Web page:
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An Abrupt Interruption To Chinese State Visit: Boehner's Resignation


President Obama was caught by surprise today when House Speaker John Boehner abruptly announced he's resigning next month. Obama and Boehner have rarely seen eye to eye outside of a golf course where they've paired up exactly once. The president congratulated Boehner for orchestrating this week's historic visit by Pope Francis to the Capitol. And Obama said he would like the pope's call for more cooperation to set the political tone for Boehner's successor. NPR's Scott Horsley has more.

SCOTT HORSLEY, BYLINE: President Obama told reporters he telephoned Boehner this morning as soon as he heard the speaker was stepping down. He described the Republican speaker as a good man who cares about his constituents and America.


BARACK OBAMA: We have obviously had a lot of disagreements, and politically, we're at different ends of the spectrum. But I will tell you. He has always conducted himself with courtesy and civility with me. He has kept his word when he made a commitment.

HORSLEY: Obama also described Boehner as a politician who understands the value of working across party lines even if that made him a target for some of his more conservative colleagues in the House.


OBAMA: When you have a democracy, compromise is necessary, and I think Speaker Boehner sometimes had difficulty persuading members of his caucus that.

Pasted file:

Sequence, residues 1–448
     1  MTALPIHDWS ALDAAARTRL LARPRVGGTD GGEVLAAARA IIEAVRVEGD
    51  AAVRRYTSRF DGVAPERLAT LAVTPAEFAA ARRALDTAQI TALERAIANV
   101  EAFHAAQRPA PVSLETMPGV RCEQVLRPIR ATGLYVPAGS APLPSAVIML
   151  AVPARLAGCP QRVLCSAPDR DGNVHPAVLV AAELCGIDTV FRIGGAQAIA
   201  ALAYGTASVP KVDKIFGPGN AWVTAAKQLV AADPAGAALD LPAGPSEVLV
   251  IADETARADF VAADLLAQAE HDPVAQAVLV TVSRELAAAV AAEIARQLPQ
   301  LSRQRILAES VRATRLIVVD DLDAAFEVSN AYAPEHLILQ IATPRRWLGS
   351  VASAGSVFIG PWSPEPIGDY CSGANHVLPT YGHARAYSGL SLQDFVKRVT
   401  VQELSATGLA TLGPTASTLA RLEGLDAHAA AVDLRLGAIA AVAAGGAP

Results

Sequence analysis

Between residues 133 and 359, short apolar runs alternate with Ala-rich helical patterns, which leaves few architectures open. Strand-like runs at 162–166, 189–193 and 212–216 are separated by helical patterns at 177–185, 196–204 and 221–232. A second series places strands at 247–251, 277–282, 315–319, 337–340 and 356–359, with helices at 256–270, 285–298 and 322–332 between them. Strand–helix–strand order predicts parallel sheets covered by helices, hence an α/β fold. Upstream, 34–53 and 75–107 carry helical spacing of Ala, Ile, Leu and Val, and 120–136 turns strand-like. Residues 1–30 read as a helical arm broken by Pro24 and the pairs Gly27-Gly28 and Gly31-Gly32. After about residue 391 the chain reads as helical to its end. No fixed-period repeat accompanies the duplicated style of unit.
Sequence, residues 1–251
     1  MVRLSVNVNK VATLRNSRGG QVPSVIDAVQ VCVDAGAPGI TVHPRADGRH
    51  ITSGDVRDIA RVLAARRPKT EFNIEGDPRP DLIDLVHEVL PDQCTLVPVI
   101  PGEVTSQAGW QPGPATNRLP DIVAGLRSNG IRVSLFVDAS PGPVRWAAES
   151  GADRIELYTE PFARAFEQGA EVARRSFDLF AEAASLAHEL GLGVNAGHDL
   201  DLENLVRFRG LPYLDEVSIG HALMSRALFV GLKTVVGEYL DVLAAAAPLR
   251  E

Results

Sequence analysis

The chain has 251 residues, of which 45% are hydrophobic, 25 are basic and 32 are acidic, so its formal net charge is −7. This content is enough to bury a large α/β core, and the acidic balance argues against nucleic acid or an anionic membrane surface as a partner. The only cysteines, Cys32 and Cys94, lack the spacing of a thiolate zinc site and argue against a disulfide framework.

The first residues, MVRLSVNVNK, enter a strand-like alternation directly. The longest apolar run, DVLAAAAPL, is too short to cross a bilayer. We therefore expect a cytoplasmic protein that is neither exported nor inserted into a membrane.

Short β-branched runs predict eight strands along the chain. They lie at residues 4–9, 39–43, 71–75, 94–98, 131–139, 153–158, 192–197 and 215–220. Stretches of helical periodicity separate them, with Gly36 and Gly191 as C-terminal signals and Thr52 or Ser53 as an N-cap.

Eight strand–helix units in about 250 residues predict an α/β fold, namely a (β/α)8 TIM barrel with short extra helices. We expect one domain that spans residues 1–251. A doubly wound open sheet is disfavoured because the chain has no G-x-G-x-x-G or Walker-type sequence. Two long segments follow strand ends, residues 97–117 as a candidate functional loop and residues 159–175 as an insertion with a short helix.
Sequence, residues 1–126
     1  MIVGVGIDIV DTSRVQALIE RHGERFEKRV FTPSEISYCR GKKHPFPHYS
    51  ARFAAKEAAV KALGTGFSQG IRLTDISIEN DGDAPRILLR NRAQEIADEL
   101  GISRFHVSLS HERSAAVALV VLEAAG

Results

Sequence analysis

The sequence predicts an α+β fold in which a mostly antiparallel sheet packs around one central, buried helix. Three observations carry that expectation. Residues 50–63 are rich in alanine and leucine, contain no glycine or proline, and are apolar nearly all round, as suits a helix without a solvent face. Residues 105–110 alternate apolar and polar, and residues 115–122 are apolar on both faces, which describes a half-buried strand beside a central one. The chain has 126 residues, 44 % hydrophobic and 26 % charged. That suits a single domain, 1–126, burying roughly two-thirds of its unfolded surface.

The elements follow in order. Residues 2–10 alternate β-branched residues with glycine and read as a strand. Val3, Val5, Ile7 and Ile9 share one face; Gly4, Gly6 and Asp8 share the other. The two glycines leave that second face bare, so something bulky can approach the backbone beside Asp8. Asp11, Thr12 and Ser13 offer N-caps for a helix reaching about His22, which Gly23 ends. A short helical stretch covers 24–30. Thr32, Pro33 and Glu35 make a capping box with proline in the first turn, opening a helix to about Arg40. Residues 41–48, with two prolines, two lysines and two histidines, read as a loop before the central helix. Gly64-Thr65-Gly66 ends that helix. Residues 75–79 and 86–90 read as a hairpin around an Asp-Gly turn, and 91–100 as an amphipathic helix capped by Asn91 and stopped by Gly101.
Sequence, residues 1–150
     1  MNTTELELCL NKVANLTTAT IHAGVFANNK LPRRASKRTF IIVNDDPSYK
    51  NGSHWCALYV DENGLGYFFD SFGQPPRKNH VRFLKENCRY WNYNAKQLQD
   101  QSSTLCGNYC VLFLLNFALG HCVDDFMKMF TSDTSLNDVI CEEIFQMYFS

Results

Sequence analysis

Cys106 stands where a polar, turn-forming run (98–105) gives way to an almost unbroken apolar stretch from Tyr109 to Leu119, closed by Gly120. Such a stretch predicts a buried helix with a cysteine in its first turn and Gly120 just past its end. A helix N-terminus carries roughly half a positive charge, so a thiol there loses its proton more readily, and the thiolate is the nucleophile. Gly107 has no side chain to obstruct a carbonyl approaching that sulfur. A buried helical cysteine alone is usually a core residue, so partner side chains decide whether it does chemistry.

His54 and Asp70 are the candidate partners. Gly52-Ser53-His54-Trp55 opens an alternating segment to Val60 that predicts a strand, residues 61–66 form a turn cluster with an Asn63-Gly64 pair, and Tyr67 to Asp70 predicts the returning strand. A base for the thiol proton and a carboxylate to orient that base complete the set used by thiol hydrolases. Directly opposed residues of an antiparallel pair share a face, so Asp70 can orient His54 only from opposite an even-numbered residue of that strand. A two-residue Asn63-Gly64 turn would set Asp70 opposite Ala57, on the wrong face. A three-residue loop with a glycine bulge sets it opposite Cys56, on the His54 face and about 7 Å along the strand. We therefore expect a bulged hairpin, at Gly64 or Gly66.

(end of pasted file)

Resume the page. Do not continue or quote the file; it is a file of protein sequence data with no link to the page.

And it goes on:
HORSLEY: Boehner's resignation could pave the way for passage of a short-term spending bill to prevent a government shutdown next week, but Obama declined to speculate what happens after that.


HORSLEY: News of Boehner's departure came as Obama was hosting a 10-state visit by Chinese president Xi Jinping. One of the biggest points of friction between the two leaders is cybersecurity. The administration says it's one thing for governments to spy on each other and quite another when China spies on U.S. companies not for intelligence but for profit.


OBAMA: I raised once again our very serious concerns about growing cyber-threats to American companies and American citizens. I indicated that it has to stop.

HORSLEY: The two countries agreed to cooperate on the investigation of cyber crimes. President Xi promised, through an interpreter, the Chinese government will not use its cyber-sleuthing capacity to steal American company's intellectual property.


XI JINPING: (Through interpreter) China strongly opposes and combats the theft of commercial secrets and other kinds of hacking attacks.

HORSLEY: Obama welcomed the Chinese leader's commitment but added a note of skepticism as he said the U.S. will be watching.


OBAMA: The question now is, are words followed by actions?

HORSLEY: Obama notes the U.S. has the authority to impose economic sanctions against cyber hackers. As the sound of distant protesters wafted over the Rose Garden, Obama said he'd had a frank exchange with Xi over China's human rights record, its provocative moves in the South China Sea and the growing pressure on China to play a grown-up role in the global economy.


OBAMA: We can't treat China as if it's still a very poor developing country as it might've been 50 years ago. It is now a powerhouse, and that means it's got responsibilities.

HORSLEY: Xi was asked by a Chinese reporter if his country's growth poses a challenge to the United States. The Chinese president fumbled with his papers looking for a scripted answer then read it aloud, saying the Cold War is over. Scott Horsley, NPR News, the White House. Transcript provided by NPR, Copyright NPR.

Scott Horsley is NPR's Chief Economics Correspondent. He reports on ups and downs in the national economy as well as fault lines between booming and busting communities.
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